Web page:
LAPWING, in ornithology, the genus Vanellus and species V. eristatus. The specific name refers to the occipital feathers of the male in winter, which are very loose, long, and curved upward, so as to constitute an erectile crest. This crest, the top of the head, the front of the neck and breast are glossy black, the up per parts green with brilliant reflections. The sides of the neck, the under parts pure white, most of the tail black, lower coverts reddish, bill blackish, feet red dish brown. Length about a foot. It is seen in spring flying over fields and downs, turning somersaults in the air, and uttering a musical cry, from which it is often called peewit.
LAR, plural LARES (la'rez), more rarely LARS, a tutelary divinity, usu ally a deified ancestor or hero. The worship of the Lares is a species of Manes Worship, and was very prevalent among the Romans. They were of two kinds: domestic and public. Of the for mer the Lar familiaris, regarded as the founder of the family, and inseparable therefrom, was the most important, and corresponded to the eponymic hero of the Greeks. The latter was divided into Prwstites, guardians of a whole city; Compitales watching over a certain por tion of a city; Rurales, gods of the coun try; Viales, protecting travelers; and Marini or Permarini (Liv. xl: 25), gods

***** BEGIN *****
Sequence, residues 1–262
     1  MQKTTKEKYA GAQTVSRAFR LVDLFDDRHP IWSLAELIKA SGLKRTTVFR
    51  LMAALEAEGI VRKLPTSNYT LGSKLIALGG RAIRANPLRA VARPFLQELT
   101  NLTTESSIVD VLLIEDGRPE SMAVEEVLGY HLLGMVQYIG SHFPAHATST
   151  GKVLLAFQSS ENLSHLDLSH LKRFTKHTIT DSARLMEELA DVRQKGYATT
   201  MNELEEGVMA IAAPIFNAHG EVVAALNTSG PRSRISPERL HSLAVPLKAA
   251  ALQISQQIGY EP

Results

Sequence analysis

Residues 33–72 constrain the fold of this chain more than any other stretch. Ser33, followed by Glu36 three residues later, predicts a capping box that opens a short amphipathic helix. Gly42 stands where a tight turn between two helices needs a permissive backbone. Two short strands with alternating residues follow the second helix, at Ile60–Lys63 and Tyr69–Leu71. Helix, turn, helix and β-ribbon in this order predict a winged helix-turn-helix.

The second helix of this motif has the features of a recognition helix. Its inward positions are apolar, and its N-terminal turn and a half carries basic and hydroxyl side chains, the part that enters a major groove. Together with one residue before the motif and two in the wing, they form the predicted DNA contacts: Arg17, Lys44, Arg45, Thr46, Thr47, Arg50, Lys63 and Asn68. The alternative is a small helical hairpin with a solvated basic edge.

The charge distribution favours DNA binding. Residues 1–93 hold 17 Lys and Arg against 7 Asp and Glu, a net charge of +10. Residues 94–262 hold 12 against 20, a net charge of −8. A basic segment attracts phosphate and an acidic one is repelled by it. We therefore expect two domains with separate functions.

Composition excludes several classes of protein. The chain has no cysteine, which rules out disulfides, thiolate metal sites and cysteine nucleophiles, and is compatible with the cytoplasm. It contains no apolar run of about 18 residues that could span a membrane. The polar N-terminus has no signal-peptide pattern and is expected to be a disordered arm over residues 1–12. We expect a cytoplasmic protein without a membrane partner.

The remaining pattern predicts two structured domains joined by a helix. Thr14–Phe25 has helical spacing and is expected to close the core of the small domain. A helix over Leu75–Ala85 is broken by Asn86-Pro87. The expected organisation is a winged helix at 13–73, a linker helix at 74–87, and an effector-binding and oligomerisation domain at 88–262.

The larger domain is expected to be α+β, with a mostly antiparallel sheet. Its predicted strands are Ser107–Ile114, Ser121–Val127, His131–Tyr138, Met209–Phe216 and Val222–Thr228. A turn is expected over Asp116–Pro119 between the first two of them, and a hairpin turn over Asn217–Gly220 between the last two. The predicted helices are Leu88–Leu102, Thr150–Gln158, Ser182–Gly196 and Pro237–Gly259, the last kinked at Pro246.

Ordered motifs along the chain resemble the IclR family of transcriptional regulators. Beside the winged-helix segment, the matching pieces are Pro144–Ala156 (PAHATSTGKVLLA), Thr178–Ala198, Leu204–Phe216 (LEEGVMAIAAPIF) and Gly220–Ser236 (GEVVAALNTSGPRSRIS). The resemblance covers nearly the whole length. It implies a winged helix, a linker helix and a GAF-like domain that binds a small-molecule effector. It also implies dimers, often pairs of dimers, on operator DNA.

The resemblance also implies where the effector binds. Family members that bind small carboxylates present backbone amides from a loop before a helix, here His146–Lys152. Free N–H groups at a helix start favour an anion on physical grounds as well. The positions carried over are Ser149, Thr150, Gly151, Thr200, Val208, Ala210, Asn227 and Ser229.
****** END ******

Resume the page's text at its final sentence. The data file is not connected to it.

of the ocean. (See PENATES.) LAR, capital of the district of Laris tan, in South Persia; on a -wooded plain, 60 miles from the Persian Gulf and 170 S. E. of Shiraz; has trade in tobacco, cotton, and grain; pop. about 12,000.
LARA (la'ra), a celebrated Spanish family, the founder of which was Ferdi nand Gonzales, Count of Castile and Lara; died in 970. In 1130, the family was divided into two branches, the first from Manrique De Lara, which took the title of Viscount of Narbonne, for its stock; and the second deriving from Or dogno Perez, and preserving the title of Count of Lara, till it became extinct in the latter half of the 14th century. The members of this family played an im portant part in the civil wars of Castile, under Alphonso X., Sancho IV., Ferdi nand IV., and Alphonso XI., with whom they often disputed the crown.